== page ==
PONTE VEDRA BEACH, Fla. -- Retailers are turning to new technology in electronic marketing to recapture "the old days" when shopowners knew each customer by name.
perceive real value.
"Electronic frequent shopper programs are going to be around for some time but once everybody gets one, it no longer provides added value. The only way you're going to get additional value is to define yourself differently," said an executive at a major Southeastern chain.
"The flexibility of your frequent shopper program will be your secret weapon, not whether you have one or not," he said.
Finding new ways to make the most of electronic marketing is gaining in importance as retailers head to industry seminars such as GemCon, the electronic marketing conference to get under way here April 1 and 2. The meeting is sponsored by Retail Systems Consulting, Naples, Fla., and the Grocery Manufacturers of America, Washington.
One East Coast retailer, a strong advocate of electronic data base marketing, warned against jumping the gun and launching a program for the wrong reasons.
"Just because this is a hot subject and these sessions are always packed houses isn't the reason to do it," said Michael Julian of Farm Fresh, Norfolk, Va., at a recent industry conference. "Don't do it because everybody else is doing it and you're afraid
you won't be up with the times.
"You should do this because you have some business end result you are targeting," said the chain's president, chairman and chief executive officer.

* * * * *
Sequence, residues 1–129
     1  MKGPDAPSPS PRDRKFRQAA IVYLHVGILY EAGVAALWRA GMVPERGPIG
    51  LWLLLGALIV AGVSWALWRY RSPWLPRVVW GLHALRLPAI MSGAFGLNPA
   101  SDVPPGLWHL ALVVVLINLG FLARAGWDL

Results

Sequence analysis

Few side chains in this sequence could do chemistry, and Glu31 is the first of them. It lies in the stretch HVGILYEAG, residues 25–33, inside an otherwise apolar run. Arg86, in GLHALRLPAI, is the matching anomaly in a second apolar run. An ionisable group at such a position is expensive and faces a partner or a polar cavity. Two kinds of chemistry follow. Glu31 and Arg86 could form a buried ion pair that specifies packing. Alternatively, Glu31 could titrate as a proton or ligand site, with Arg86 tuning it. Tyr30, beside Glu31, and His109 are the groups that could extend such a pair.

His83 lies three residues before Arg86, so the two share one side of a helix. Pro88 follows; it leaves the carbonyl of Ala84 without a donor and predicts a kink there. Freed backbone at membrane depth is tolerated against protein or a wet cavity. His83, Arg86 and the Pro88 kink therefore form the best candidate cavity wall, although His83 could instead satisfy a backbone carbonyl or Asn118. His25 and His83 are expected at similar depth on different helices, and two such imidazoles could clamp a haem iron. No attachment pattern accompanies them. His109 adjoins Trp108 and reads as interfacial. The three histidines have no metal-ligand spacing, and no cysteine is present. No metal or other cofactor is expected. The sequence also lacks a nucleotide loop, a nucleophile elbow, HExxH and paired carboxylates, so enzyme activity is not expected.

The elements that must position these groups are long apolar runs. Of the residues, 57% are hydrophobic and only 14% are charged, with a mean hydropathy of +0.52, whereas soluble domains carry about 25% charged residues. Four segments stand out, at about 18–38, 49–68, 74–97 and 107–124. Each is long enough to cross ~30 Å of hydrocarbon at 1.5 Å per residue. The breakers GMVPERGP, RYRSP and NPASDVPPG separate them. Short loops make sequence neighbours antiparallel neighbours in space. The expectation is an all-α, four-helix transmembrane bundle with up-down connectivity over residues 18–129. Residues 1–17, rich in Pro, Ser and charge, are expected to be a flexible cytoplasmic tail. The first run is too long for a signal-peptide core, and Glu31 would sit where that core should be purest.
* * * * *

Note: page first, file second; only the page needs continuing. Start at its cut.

Martin's Super Markets, South Bend, Ind., which is now outfitting 13 stores with new data base marketing technology, has clear objectives in mind for its program. The chain is also looking at how kiosk technology might fit into the equation.
Interactive kiosks can add new dimensions to promotional programs, said Doug Murphy, store operations specialist.
"Our customers could scan their [frequent shopper] cards at a kiosk and we could direct deals or recipes targeted to that customer via a computer screen or through couponing.
Harp's Food Stores, Springdale, Ark., is exploring opportunities in electronic marketing but has not yet decided to move forward. "We have looked at two or three different packages in the last year, but we haven't found anything that meets our needs," said Jim Antz, director of management information systems and electronic data processing.
He observed that the growing emphasis on in-store marketing is changing the dynamics of how his department functions. "There seems to be a decentralization of the IS function in that we now have marketing [staff] looking at what typically would be an IS responsibility, such as in-store marketing," Antz said.
Farm Fresh's Julian said data base marketing holds the potential for retailers to more effectively compete with new market players.
"We must know every customer. We must know them like [we did in] the old days. With 35,000 customers a week is that possible? Probably not for any single manager but with today's technology we can accomplish it.
"We have the opportunity to take every single customer who comes in and build our program so it's tailored directly to what that customer wants -- to treat that customer as if this store is exclusively theirs."